Now the sky there is clear, one can see the stars, but its shadow remains . . .
I haven't been able to go to Ground Zero, even more than 2 years after the destruction of the World Trade Center -- the closest I've been able to come is Park Row or Battery Park or Park Place -- I haven't even been able to go to the church there -- it's still too traumatic . . .
Some may wonder at my reaction, given that I lost no one I personally knew there, but there is a reason -- a very big reason.
People seem to forget that what happened on September 11, 2001 was not the first time the World Trade Center had been struck by terrorists, nor the first time people had died there in a terrorist attack. It had happened before, less than a decade before . . .
A truck bomb had gone off, killing many of the people working in the building maintenance offices on the other side of the wall from where that truck had been parked in the basement garage.
I knew those people -- I had worked with them -- I even used to playfully suggest baby names to the pregnant secretary who worked there and died that day with her unborn child.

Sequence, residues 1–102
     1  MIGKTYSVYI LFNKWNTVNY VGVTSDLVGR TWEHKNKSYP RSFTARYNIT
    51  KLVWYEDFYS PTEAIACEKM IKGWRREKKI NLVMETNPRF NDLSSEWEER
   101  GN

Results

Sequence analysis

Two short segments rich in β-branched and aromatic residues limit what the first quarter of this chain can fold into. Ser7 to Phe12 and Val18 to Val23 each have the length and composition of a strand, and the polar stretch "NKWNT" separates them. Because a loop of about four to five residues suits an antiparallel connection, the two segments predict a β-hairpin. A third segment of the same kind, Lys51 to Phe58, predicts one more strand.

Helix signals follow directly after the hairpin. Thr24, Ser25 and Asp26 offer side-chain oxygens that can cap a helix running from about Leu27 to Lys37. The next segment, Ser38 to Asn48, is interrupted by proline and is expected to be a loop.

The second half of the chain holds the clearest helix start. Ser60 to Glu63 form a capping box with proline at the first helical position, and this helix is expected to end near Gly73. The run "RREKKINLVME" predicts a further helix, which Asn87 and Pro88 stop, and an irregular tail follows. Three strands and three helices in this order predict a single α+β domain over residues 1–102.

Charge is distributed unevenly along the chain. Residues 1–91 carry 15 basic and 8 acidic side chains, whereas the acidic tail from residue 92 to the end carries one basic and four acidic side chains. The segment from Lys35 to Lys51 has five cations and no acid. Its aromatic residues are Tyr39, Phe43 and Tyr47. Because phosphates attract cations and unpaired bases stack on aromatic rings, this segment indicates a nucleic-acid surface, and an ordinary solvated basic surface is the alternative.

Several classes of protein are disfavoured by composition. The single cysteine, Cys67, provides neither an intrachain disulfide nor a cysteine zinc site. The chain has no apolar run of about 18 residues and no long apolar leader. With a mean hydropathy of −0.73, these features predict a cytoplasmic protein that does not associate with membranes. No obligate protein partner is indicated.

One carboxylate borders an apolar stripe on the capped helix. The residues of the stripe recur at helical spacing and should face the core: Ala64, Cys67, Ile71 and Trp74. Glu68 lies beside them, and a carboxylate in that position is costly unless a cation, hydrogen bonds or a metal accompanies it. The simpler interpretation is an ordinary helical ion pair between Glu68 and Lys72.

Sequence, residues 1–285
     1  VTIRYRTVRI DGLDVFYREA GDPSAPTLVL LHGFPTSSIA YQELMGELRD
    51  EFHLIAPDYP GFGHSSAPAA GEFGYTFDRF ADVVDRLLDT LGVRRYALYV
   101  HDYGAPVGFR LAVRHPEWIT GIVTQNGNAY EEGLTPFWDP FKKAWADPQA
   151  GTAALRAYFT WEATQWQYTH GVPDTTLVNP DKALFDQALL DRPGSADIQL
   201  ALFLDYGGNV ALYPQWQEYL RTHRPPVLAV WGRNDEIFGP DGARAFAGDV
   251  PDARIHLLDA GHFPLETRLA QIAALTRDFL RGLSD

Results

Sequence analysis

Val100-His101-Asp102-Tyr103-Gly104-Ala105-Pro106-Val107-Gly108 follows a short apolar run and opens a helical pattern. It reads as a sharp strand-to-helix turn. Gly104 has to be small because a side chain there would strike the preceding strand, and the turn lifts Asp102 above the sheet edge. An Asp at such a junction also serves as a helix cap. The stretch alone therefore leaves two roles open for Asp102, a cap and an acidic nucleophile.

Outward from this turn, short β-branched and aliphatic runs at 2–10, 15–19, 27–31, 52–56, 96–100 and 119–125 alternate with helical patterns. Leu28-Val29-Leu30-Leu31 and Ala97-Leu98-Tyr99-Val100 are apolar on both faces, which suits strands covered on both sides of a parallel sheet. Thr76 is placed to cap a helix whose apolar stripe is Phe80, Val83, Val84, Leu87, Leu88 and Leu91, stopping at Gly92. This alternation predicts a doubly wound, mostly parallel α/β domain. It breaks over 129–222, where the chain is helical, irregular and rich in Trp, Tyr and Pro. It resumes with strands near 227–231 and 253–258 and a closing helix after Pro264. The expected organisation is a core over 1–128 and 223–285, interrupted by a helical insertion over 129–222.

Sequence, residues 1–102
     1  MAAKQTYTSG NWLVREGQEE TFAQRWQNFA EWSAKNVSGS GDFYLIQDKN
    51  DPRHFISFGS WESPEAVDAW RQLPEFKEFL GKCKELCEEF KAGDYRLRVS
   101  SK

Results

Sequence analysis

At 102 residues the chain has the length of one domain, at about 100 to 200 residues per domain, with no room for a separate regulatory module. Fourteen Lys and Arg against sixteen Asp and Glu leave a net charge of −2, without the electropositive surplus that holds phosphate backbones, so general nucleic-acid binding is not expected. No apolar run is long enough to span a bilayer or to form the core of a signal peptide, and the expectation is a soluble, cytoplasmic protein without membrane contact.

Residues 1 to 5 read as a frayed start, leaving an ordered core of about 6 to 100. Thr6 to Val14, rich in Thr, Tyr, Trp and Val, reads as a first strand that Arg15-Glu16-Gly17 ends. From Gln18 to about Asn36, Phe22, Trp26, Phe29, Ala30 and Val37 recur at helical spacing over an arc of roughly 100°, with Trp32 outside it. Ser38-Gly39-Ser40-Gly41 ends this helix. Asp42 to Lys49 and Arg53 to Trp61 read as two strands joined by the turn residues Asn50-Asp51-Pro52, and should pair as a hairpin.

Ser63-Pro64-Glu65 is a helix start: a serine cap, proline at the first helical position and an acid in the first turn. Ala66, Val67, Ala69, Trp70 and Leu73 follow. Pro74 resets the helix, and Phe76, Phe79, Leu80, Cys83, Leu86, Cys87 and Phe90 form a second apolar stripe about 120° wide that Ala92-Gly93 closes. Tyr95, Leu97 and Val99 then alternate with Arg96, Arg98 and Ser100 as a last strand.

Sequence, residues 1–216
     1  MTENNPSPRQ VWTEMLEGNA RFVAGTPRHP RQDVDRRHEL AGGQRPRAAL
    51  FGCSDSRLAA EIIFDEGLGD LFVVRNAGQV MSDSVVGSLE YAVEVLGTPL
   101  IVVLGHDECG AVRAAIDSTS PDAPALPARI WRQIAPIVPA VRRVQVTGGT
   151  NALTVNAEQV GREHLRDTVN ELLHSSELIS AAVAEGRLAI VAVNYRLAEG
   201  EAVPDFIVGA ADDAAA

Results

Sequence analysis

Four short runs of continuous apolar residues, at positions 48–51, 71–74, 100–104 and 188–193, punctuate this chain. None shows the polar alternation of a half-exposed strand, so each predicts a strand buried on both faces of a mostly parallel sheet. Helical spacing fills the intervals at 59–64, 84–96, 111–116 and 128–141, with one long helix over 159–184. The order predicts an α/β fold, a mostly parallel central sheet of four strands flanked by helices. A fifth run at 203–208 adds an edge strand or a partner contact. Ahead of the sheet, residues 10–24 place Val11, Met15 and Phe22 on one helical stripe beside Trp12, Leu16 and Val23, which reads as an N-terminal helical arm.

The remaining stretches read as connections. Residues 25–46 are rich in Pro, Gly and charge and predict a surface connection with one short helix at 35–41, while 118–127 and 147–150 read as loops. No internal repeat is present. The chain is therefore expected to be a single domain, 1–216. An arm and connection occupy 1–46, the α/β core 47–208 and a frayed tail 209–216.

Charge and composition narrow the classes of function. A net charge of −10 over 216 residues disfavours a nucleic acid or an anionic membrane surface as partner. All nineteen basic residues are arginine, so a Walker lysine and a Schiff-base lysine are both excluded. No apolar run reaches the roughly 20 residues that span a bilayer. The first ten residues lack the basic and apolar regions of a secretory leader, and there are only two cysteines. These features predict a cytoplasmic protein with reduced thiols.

I was supposed to be there -- on that day -- at that time -- on the other side of the wall from that truck bomb -- having a meeting with all those people who died.
But the gods intervened.
That morning, I was unexpectedly told of a change in my regular schedule, where I was to go with a colleague to a nearby area -- Chinatown -- for a business meeting. When we later tried to go to the Trade Center was when we found out what had happened only a short time before, as people and smoke poured out of the building.
One of the names in the future World Trade Center memorial could have been mine.
But the gods intervened.
So every time I am in that area I think of then and how if the gods hadn't chosen to arrange that unexpected schedule change I would not be here now, alive. I think of then, and I think of September 11th and I say to myself "Not now -- another time . . . "
I was in the area shortly after the police let people back into lower Manhattan to work. I remember coming out of the Chambers Street station into brilliant sunshine. Sunshine that I was unused to there, there where the Towers dominated the skyscraper canyons of lower Manhattan. I breathed in the stench -- like that of a massive electrical fire -- and I nearly threw up right then and there as the incredible loss hit me in the gut once again, in the most visceral possible way.
I still carry the memory of that smell -- strongest when I see the hole in the skyline there and sunshine or starlight where I used to see the massive presence of the Trade Center -- and I remember all over again how, but for the grace of the gods, I too would be but a memory . . .
And I say to myself yet again, "Not now -- another time . . . "